7 Budget-Friendly Ways I Eat More Protein Without Even Trying

My favorite hacks and tips to sneak protein into my day without spending more money or putting in extra effort — no meal prepping required.

Pantry shelves lined with dry goods
Photo: Getty Images

Listen, I don't need to tell you groceries are expensive. Everyone and their mother is kvetching over prices these days, especially for meat and poultry. Personally, I know I feel my best when I get a significant source or two of protein in each meal, but for budgetary and sustainability reasons, I try not to rely entirely on meat to get it. So over time, I've developed a strategy that amounts to me getting protein throughout the day from some unlikely sources.

Here are all the ways I sneak extra protein into my diet without really trying. That means no spending extra money, buying any specialty items (no protein powders in sight!), or doing hours of meal prep. These are daily tips, hacks, and habits that I rely on to eat more protein.

How to Eat More Protein

1. Mix Eggs Into Pasta

Now I'm not talking strictly carbonara. You can mix egg yolks or whole-beaten eggs into any pasta dish to add a luscious, silky quality to the sauce. For pasta recipes where the sauce is just pasta water + cheese (like cacio e pepe), an egg yolk helps thicken the sauce. In other dishes with more robust cream sauces, you can add a whole beaten egg or two to add a hit of extra protein to the sauce without even knowing it. Even the pickiest of eaters that hate eggs won't be the wiser.

Just be sure to add any egg gradually while the sauce is still coming together in the pan and/or the pasta is hot to ensure the egg cooks through without curdling in the sauce. Chef John's tips for Carbonara serve as a great visual guide for how to ace this technique.

2. Everything Gets a Topping

Dressing up my food with lots of toppings is not only an easy way to add more protein, but also makes even the most plain dishes look and taste more appealing (there's a reason everything looks better at restaurants!). It also helps me elevate and transform cheap pantry staples like oats, beans, grains, and pasta — meaning I'm more likely to shop from my pantry and eat what I have than open up the food delivery app.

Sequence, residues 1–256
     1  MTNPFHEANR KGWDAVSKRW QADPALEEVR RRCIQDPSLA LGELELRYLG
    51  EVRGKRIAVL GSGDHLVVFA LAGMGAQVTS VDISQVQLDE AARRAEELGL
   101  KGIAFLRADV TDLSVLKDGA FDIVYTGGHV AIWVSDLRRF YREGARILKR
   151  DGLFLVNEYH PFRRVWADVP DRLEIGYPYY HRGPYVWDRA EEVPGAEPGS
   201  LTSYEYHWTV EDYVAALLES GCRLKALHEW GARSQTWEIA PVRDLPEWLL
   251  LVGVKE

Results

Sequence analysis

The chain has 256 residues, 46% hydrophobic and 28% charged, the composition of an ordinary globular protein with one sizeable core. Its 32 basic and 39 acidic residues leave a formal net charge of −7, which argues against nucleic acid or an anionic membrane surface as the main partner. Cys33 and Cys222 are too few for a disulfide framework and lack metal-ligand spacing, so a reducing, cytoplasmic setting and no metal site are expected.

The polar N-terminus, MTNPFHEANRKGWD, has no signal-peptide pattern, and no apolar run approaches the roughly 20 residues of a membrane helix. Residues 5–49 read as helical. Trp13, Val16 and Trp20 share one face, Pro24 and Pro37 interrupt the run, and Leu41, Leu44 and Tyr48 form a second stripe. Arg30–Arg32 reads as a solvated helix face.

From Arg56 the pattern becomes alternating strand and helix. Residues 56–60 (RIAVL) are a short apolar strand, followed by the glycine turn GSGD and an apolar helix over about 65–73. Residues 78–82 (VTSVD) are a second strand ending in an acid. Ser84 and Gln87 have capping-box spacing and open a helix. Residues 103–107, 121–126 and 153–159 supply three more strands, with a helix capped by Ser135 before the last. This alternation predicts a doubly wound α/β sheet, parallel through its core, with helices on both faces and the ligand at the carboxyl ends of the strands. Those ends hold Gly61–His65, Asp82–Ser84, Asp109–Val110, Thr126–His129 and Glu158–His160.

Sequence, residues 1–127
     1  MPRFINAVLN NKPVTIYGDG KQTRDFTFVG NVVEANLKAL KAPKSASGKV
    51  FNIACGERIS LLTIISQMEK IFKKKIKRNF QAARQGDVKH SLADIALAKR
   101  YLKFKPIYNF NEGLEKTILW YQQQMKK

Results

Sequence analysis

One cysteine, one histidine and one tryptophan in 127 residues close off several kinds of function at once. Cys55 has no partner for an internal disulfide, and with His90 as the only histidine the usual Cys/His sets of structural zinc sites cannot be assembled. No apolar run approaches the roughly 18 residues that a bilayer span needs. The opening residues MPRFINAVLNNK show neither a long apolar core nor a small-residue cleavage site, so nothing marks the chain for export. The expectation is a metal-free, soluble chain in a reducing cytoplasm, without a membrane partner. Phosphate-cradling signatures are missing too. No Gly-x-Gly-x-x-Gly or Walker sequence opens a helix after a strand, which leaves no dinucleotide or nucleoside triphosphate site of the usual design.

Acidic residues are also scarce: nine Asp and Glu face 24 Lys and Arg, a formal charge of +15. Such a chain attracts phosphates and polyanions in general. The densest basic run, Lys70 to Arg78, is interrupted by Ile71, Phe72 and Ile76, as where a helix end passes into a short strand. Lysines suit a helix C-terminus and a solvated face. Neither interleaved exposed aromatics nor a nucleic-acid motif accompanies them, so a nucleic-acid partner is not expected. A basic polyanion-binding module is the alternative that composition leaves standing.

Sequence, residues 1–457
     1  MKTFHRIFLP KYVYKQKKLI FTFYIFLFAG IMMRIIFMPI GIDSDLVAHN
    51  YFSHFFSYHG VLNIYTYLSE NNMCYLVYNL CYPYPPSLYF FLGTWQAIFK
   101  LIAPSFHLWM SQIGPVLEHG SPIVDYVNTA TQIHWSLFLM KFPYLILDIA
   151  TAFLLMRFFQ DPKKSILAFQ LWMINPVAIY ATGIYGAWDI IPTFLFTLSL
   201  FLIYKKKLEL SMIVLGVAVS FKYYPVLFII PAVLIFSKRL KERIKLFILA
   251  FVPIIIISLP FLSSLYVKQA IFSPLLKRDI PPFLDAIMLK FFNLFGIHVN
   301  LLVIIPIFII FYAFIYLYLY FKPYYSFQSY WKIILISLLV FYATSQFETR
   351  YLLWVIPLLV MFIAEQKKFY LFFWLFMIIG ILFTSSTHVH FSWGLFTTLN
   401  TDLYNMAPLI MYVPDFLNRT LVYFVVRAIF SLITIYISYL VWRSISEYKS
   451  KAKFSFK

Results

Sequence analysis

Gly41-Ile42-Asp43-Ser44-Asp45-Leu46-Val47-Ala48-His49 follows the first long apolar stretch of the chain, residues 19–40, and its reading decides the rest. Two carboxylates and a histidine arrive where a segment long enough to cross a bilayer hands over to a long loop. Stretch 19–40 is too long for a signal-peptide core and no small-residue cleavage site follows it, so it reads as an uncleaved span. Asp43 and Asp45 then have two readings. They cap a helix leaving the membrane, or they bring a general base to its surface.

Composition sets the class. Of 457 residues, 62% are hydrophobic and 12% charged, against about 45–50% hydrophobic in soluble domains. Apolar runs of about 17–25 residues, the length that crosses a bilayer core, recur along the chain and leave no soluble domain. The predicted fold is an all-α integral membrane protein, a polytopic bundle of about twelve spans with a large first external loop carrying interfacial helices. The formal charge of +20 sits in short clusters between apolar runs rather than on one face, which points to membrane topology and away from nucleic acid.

In my house, (almost) everything gets a topping — whether it's a drizzle of nut butter or tahini, a dollop of Greek yogurt, a sprinkle of toasted nuts, or a few pieces of crispy baked prosciutto. And I mean everything; salads, soups, and bowls of oatmeal, rice, and pasta all get at least one creamy or crunchy element added on top.

The textural contrast makes each dish irresistible and making big batches of the toppings at the top of the week means I can just mix and match toppings throughout my meals. Not to mention they give leftovers a new life, especially on day 3 of eating that same chili.

Justine Doiron aka @justinesnacks on TikTok (the creator behind viral hits like the Butter Board and purple blueberry cookies) has some amazing ideas and recipes for crunchy, protein-packed toppings like Crispy Quinoa and Pistachio Dukkah.

3. Don't Underestimate Veggies

While they typically don't have as much protein as a chicken breast, I rely on veggies to add up to a substantial portion of my protein throughout the day. The best tips I have garnered are knowing which ones have higher amounts of protein and finding ways to "sneak" them into my usual comforts. Spinach pesto is a staple in my kitchen, and my favorite way to use those greens I bought and maybe forgot in the crisper. Blanching or sautéing fresh greens and blending them means you're left with an incredibly nutrient-dense sauce that can be seasoned or treated any way you want — I'm not above green mac & cheese.

Canned artichoke hearts are another staple in my pantry. They're very affordable and super mild in flavor, meaning I can chop them up and toss them on a weeknight pizza, mix them into pasta, or toss them into a cheesy quesadilla.